The partition of India in 1947 brought into existence two countries, India and Pakistan, and a subsequent long-standing conflict between them. The two neighbours have been at loggerheads, engaging in a conflict at various intervals. Beginning from the low-intensity conflict in 1948, right after the formation of the two states, Kashmir became a contentious issue.
In 1965 the two countries went face to face after Pakistan initiated Operation Gibraltar, to depose militants into Kashmir. The Indian army launched a full-scale war, attacking West Pakistan. This led to the largest armoured battle since the end of World War II. The two countries agreed on a ceasefire, after the intervention of the United States of America (USA) and the Union of Soviet Socialist Republic (USSR).
With the conflict between the two neighbouring countries in mind, one could better understand the nitty-gritty of the 1971 war, out of which the country of Bangladesh was born/liberated.
The domestic conflict in Pakistan
It was initially an internal conflict in Pakistan between the Bengali minority of the East and the ruling elite of the West. The Bengalis made up 52% of Pakistan’s total population. In 1948, the Language Movement was initiated with a demand to include Bengali as an official language. Civil society protested the deletion of the Bengali script from the currency notes, which was present since the British Raj.
The conflict was apparent by 1952. On February 21-22 that year, an offensive was launched by Pakistan armed forces, killing a large number of students and other civilians. The conflict deepened further after General Yahya Khan refused to convene the parliament after the 1970 Prime Ministerial elections.
The Awami party in the east led by Shaik Mujib ur Rehman, emerged victorious against the Pakistan Peoples Party of General Zulfiqar Ali Bhutto. The election results had major implications for both sides of the country since the triumphant party was supposed to write the third constitution of Pakistan. The Awami Party, as part of its six-point agenda, called for greater federalism; separate convertible currencies; fiscal responsibility to be delegated to the federating units; as well as the right to maintain a separate militia. Each of these demands came in response to the west’s cultural, economic, and linguistic oppression; exclusion from the military and bureaucracy; as well as consistent and calibrated efforts to deprive Bengalis of their legitimate share of political power.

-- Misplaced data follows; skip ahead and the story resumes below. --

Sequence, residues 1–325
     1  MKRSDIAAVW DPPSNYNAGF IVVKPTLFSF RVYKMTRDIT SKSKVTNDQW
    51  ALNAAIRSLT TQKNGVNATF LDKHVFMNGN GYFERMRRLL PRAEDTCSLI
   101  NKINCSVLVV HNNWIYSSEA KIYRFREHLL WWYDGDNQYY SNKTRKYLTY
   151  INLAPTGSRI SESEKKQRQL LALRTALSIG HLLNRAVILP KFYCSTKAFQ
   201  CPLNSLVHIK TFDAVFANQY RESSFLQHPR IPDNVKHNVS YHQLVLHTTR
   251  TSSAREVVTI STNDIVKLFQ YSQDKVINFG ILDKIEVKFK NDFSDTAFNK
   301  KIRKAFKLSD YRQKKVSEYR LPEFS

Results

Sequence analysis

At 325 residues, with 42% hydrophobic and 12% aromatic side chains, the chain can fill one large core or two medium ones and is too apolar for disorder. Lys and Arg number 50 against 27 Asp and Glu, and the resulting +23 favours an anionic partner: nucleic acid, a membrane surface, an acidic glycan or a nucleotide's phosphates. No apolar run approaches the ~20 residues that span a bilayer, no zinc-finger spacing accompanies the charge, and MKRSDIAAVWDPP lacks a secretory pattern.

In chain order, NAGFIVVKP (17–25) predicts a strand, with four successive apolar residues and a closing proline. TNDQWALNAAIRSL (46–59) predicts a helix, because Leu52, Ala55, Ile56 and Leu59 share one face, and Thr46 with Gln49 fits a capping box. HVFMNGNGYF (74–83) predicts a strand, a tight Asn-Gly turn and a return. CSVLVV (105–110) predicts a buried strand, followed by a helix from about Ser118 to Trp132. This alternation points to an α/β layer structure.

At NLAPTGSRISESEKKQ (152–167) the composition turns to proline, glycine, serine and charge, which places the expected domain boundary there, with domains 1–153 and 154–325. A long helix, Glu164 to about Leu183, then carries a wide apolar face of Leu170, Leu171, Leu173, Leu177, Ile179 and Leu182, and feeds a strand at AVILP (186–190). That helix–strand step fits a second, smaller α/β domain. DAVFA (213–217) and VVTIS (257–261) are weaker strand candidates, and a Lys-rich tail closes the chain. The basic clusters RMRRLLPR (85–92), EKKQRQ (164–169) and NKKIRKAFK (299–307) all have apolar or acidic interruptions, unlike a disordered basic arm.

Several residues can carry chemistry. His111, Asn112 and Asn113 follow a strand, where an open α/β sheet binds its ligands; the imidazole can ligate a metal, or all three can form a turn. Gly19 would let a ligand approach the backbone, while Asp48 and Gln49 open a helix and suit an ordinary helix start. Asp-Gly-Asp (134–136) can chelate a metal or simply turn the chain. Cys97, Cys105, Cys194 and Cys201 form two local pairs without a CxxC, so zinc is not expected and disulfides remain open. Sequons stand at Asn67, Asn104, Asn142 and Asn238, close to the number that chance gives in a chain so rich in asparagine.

The Union government in the west led by General Yahya and Zulfiqar Ali Bhutto, advocated strong federalism, viewing the Awami League six-point agenda as a demand for secession. Despite securing meagre seats, Zulfiqar Ali Bhutto refused to participate in a parliament constituted with the Awami League in power.
Shaik Mujibur Rehaman refused to back down and stood firm on his right to form a government. Looking at the firm demand, General Yahya initiated Operation Searchlight, an offensive to crush the demand. The consequences of the offensive forced a mass refugee influx into India.